Development and Testing of a Novel Centrifugal Gas Turbine Design Phase II – Combustor Development and Load Testing, 18-R9540

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Principal Investigator
Klaus Brun

Inclusive Dates:  04/01/05 – 10/01/06

Background - A single disk centrifugal gas turbine was developed based on a straight radial outward flow design (no 180-degree flow turning as in conventional radial gas turbines). This simple geometry contains only two major elements — a rotor disk and a stator shroud. The rotor consists of a centrifugal compressor and high impulse radial outward flow turbine connected directly to an electric generator, which also acts as the starter motor. The stator shroud contains the combustor, nozzles, and fuel lines. Fuel supply lines are attached to the shroud and ducted directly to the fuel nozzles in the combustor. The fundamental difference between the centrifugal gas turbine and conventional centrifugal gas turbines is that the compressor and turbine section are installed on the same side of the rotating wheel, while the combustor and diffuser are mounted on the stationary shroud. Thus, the entire gas turbine assembly consists of two relatively easy to manufacture components.

This very simple gas turbine concept has the following advantages:

  • A single rotating component mechanically compact gas turbine
  • Short axial span and very high power density
  • No internal bearings or gears
  • Modular two-piece construction
  • Ease of maintenance/repair access

Approach - This report concludes Phases I and II of this prototype development project, which included the conceptual design, structural and aerodynamic analysis, performance prediction modeling, detailed design, prototype fabrication, test rig instrumentation, compressor/turbine characterization, rotordynamic signature, combustor design, combustor testing, controls implementation, light-off testing, no-load testing, and performance testing of the gas turbine.

Analyses that were performed included 1-D thermodynamics, FE structural and thermal, rotordynamic, 2-D blade path optimization, and 3-D computational fluid dynamics. Testing of both individual gas turbine elements (compressor, combustor, and turbine) as well as the entire assembly was completed. Based on results from these analyses, a rotor and stator geometry was optimized, and engineering drawings were prepared. The gas turbine rotor was machined from Inconel 716 and the stator from stainless steel materials using 5-axis milling.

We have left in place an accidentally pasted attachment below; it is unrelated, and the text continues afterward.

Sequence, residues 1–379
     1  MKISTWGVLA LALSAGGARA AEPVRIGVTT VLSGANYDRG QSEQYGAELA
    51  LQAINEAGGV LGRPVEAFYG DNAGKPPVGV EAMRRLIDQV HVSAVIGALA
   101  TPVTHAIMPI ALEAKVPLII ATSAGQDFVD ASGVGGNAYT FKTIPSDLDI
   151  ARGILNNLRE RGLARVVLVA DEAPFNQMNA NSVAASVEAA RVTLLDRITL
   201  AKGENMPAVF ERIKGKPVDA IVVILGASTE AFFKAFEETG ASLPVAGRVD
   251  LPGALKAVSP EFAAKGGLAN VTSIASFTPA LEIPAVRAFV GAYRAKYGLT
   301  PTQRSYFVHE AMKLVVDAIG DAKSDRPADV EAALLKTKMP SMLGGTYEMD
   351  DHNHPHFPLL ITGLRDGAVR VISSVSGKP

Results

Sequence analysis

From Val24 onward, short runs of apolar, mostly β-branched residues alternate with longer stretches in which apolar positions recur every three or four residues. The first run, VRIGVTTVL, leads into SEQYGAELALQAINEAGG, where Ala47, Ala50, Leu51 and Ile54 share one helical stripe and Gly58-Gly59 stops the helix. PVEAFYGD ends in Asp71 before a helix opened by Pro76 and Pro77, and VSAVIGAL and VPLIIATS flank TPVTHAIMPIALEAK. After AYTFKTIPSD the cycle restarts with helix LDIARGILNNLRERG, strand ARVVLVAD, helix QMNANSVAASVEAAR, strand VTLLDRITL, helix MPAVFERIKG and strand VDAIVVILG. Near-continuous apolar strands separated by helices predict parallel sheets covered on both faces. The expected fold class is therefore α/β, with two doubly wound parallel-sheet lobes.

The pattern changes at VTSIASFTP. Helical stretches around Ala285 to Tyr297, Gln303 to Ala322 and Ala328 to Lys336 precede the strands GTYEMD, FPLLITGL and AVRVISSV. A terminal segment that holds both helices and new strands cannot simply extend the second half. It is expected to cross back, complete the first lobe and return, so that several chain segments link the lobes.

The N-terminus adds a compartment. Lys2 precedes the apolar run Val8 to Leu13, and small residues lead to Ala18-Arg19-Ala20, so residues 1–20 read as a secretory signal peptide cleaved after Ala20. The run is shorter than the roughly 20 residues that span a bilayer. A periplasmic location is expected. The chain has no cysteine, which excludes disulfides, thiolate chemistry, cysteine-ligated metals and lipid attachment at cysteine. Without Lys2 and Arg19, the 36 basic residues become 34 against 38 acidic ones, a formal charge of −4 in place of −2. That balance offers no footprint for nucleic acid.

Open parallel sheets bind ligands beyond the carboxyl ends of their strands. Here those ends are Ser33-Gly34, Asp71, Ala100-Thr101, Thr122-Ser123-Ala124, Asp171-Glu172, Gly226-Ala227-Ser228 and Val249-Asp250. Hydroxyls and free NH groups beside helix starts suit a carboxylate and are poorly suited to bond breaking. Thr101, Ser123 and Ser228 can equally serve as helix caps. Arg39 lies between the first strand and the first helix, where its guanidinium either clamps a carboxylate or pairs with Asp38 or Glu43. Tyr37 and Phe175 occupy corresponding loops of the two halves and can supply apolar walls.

A variable speed (200 horsepower, 40,000 revolutions/minute) test rig was designed and built to be able to operate both as the gas turbine driver (for compressor testing) and as a load absorber/break for gas turbine operational tests. The instrumentation and data acquisition required for compressor, turbine, and full gas turbine tests were implemented and tested to allow for accurate component/gas turbine performance measurement and operational control.

Using the machined rotor and stator hardware on the high-speed test rig, the dynamic and thermodynamic performance of the gas turbine's compressor and turbine elements was individually assessed, mapped, and employed to verify the code predictions. Results from these tests were used to design the gas turbine nozzles and combustor. The combustor was tested and then the entire gas turbine assembly was mounted in the test stand for operational and performance testing. Light-off test, no-load test, and performance tests were performed using natural gas as a fuel with the complete gas turbine assembled. The above results and tasks were successfully completed with the relevant details provided in this report.

Accomplishments - Tests showed that stable gas turbine combustion was achieved up to 26,000 revolutions/minute. The gas turbine reached self-sustaining power at 21,000 revolutions/minute and 405°C firing temperature. Thus, the centrifugal gas turbine concept was demonstrated to function properly and to achieve positive power output. However, the design output power was not achieved because of combustion stability limitations at speeds above 20,000 revolutions/minute. Maximum output power achieved was 1.4 kW at 23,000 revolutions/minute. Recommendations are provided in this report to overcome these operational limitations in the next model centrifugal gas turbine. Funding for additional work on this device is currently being sought from various sources.

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